Mon, 03/30/2015 - 08:00 — Anonymous

When you consider the level of intelligence, automation, and frankly, jaw dropping amazingness of most of today’s 3D design and engineering tools, it’s perhaps a curious thing to note that most systems don’t provide much in the way of support for one of the most fundamental parts of the design and engineering process – mathematics and calculations.

We’re all familiar with the ability to create parameterised, intelligent models. The ability to take geometry dimensions and drive other dimensions by linking them together is one of the basics of every modern 3D design system. Parametric modelling is, I think it’s fair to say, a de facto standard in term of working practices.

Over the years, the sophistication of those dimensional links has increased. From basic mathematics (D1 = D2-D3) to more complex equations, look-up tables, the ability to have state-based or logic operators. But essentially, we’ve got a set of tools that allow you to link one set of dimensions to another.

The curiosity is that this doesn’t really reflect the very earliest stages of engineering development. That point where ideas are worked out, where the real thinking is done and yes, there’s a whole lot of calculations. It’s looking up empirical methods, it’s using established theory and methods to work out if what you want to achieve can actually be achieved. And as I’m sure most of you will know, most of this doesn’t really lend itself to physical dimensional constraints as you would place on a digital model. What we’re talking about here is documenting the design process and the intent behind your product decisions.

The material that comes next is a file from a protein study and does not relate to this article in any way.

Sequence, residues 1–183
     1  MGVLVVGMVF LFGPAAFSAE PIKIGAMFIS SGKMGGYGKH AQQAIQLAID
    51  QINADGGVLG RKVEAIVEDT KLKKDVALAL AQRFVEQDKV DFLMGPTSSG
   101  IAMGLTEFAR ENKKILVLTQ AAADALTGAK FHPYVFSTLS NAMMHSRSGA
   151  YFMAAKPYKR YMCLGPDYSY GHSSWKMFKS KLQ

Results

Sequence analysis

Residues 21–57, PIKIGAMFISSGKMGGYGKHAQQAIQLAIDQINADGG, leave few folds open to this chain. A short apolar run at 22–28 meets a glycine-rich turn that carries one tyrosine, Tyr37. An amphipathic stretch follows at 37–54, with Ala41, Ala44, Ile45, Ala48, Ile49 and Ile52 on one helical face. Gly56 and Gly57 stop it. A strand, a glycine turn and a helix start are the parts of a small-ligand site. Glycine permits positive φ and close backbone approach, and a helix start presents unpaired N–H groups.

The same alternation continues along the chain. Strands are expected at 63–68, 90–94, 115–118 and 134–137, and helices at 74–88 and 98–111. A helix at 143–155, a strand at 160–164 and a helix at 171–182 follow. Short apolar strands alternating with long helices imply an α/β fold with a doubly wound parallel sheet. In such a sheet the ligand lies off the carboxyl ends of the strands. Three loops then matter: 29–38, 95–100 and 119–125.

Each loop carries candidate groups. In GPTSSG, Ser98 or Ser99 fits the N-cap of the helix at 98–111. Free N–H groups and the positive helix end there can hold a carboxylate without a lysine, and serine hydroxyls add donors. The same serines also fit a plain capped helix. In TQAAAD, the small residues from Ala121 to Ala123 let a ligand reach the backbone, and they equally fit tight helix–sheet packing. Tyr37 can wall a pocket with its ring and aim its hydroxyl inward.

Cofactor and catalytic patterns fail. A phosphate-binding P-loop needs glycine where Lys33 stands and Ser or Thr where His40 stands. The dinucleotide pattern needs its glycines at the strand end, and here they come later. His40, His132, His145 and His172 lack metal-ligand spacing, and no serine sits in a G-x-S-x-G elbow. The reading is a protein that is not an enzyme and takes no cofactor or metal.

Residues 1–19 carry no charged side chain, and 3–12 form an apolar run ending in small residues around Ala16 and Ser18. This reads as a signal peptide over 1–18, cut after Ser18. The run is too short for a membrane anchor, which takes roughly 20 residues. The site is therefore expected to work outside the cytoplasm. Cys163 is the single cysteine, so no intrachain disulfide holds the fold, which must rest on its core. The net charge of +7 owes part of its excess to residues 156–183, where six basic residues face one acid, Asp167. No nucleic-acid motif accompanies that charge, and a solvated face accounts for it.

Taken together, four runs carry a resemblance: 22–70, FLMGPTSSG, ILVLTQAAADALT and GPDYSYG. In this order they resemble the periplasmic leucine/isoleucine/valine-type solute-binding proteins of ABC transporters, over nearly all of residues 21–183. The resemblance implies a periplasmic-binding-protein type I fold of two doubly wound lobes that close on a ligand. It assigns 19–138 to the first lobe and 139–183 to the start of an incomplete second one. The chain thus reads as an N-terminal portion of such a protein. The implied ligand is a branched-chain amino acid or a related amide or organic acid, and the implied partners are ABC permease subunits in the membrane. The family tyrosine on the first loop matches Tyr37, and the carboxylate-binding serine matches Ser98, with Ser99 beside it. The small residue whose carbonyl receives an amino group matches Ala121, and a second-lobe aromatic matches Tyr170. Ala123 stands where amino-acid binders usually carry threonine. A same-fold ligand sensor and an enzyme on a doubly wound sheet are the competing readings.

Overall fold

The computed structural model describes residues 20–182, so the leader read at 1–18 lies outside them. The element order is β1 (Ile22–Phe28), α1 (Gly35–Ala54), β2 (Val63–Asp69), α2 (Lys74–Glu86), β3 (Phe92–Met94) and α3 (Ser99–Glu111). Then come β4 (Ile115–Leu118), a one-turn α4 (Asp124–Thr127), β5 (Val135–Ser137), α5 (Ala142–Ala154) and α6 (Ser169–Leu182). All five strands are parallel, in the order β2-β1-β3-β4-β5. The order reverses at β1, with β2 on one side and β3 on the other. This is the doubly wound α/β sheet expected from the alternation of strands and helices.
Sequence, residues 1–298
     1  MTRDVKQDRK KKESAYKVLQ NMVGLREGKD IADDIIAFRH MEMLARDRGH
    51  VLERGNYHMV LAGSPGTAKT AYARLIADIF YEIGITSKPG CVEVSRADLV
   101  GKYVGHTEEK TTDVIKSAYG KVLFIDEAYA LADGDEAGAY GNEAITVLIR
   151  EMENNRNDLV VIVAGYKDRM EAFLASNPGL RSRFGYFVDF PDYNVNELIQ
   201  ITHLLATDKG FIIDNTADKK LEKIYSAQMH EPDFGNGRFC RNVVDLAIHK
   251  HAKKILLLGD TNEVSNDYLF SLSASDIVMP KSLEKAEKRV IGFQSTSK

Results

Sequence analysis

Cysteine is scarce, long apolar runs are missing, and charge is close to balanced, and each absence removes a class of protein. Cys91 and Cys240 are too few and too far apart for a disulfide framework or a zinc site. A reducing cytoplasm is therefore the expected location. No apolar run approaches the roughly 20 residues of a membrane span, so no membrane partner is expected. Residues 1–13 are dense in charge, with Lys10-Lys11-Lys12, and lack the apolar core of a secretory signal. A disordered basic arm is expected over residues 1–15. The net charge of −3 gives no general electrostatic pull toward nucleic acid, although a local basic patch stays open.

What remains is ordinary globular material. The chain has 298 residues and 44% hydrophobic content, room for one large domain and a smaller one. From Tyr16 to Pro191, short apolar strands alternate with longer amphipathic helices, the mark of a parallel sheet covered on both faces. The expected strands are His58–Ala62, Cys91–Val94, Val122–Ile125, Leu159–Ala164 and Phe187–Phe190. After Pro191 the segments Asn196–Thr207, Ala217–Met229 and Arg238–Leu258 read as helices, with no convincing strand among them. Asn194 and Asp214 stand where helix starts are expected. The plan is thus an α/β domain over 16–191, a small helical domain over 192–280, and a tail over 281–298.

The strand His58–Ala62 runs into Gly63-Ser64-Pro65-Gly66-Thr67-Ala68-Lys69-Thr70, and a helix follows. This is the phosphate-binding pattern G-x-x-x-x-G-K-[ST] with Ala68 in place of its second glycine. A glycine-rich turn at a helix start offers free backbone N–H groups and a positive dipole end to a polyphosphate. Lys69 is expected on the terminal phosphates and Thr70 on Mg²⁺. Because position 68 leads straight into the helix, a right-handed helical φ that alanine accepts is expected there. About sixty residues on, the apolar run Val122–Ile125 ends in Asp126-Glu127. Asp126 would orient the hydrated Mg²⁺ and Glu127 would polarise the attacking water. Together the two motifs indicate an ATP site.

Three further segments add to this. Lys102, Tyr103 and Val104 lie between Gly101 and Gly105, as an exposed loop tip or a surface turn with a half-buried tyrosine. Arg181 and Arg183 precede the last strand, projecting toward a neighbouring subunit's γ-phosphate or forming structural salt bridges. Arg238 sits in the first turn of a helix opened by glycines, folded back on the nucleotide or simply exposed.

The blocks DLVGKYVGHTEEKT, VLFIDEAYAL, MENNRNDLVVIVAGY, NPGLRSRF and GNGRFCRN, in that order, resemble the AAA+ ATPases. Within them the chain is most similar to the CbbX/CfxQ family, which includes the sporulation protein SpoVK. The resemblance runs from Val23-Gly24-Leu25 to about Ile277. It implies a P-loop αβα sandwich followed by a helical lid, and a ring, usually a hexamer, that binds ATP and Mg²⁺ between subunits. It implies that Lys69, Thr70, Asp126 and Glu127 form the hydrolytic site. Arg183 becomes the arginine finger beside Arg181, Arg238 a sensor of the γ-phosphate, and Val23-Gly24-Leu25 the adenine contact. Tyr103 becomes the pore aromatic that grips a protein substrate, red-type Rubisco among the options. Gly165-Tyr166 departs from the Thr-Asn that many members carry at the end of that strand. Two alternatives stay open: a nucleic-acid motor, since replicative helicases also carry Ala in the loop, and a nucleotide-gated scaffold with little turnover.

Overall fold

So ask yourself this. Why is this the case? I’ve been giving it some thought for a while, and I’m stumped if I can come up with a good reason. Perhaps it’s because the CAD industry revolves around the concept of geometry creation and that most vendors don’t consider those tricky and challenging parts before their own tools get involved. Is it perhaps that in many industries, the CAD work has, until recently, been something that’s done separately from the engineering conceptualisation and calculation phase?

If you look at the range of mathematic or calculation applications out there (there’s PTC Mathcad, of course, as well as MatLab, Maple and of course, everyone’s favourite, Excel), there’s very little in the way of linking these to the 2D or 3D geometry design systems. Yes, Excel integration is commonplace and many 3D design tools include some form of basic formula + parametric capability, but it often does not go beyond that.

PTC has, of course, got a head start on this since its acquisition of Mathsoft, just under 10 years ago. The latest release brings some interesting tools that allow you to create those links between the calculation worksheets within PTC Mathcad and your geometry models in PTC Creo.

The mechanism to achieve this link is interesting as it’s not just pulling values from PTC Mathcad calculations to drive geometry parameters – it works the other way too. Outputs from PTC Creo models can be fed back into the worksheet and used as part of further calculations.

There’s also an interesting move in how that data is stored. A traditional workflow would mean that you have two data entities – the geometry set and the worksheet. PTC Creo now allows you to embed PTC Mathcad Prime 3.1 worksheets directly into the geometry data.

That, combined with the fact that anyone else can use that worksheet using the free-for-life PTC Mathcad Express, makes it a powerful combination.

Some say intelligent product models are the future goal. If you look at much of the messaging around a systems-based approach or even pushing into the Internet of Things, there’s much talk of integrating real-world parameters and data into the design process – but these are over shadowing the potential to do something just as fundamentally key and perhaps more longstanding – the ability to have intelligent models that are driven, in many respects, by the fundamental calculations that drive their design and engineering.

Al Dean is Editor-in-Chief of DEVELOP3D Magazine (http://www.develop3d.com).

This blog post is paid for by PTC. The concepts, ideas and positions of this post have been developed independently by Al Dean.